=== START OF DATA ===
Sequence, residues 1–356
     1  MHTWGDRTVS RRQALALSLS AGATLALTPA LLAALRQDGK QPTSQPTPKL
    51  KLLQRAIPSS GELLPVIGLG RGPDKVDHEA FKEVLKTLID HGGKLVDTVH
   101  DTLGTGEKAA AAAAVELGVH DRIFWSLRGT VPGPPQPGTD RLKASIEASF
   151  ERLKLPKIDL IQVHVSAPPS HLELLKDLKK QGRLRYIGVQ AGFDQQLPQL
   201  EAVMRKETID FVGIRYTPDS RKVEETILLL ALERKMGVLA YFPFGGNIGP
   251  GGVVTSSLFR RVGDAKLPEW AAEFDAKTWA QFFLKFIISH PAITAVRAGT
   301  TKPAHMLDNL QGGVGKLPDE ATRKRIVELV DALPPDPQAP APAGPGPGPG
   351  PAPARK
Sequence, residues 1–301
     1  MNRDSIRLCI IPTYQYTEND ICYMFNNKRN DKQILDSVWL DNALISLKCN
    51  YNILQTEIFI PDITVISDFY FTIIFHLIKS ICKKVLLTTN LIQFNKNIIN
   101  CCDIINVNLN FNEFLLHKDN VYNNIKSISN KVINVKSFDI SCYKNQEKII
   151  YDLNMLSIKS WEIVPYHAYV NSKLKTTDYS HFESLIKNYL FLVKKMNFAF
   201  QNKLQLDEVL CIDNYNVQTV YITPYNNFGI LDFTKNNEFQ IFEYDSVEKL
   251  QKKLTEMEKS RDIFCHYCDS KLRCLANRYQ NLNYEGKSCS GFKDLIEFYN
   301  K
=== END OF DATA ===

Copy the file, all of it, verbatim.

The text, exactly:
Sequence, residues 1–356
     1  MHTWGDRTVS RRQALALSLS AGATLALTPA LLAALRQDGK QPTSQPTPKL
    51  KLLQRAIPSS GELLPVIGLG RGPDKVDHEA FKEVLKTLID HGGKLVDTVH
   101  DTLGTGEKAA AAAAVELGVH DRIFWSLRGT VPGPPQPGTD RLKASIEASF
   151  ERLKLPKIDL IQVHVSAPPS HLELLKDLKK QGRLRYIGVQ AGFDQQLPQL
   201  EAVMRKETID FVGIRYTPDS RKVEETILLL ALERKMGVLA YFPFGGNIGP
   251  GGVVTSSLFR RVGDAKLPEW AAEFDAKTWA QFFLKFIISH PAITAVRAGT
   301  TKPAHMLDNL QGGVGKLPDE ATRKRIVELV DALPPDPQAP APAGPGPGPG
   351  PAPARK
Sequence, residues 1–301
     1  MNRDSIRLCI IPTYQYTEND ICYMFNNKRN DKQILDSVWL DNALISLKCN
    51  YNILQTEIFI PDITVISDFY FTIIFHLIKS ICKKVLLTTN LIQFNKNIIN
   101  CCDIINVNLN FNEFLLHKDN VYNNIKSISN KVINVKSFDI SCYKNQEKII
   151  YDLNMLSIKS WEIVPYHAYV NSKLKTTDYS HFESLIKNYL FLVKKMNFAF
   201  QNKLQLDEVL CIDNYNVQTV YITPYNNFGI LDFTKNNEFQ IFEYDSVEKL
   251  QKKLTEMEKS RDIFCHYCDS KLRCLANRYQ NLNYEGKSCS GFKDLIEFYN
   301  K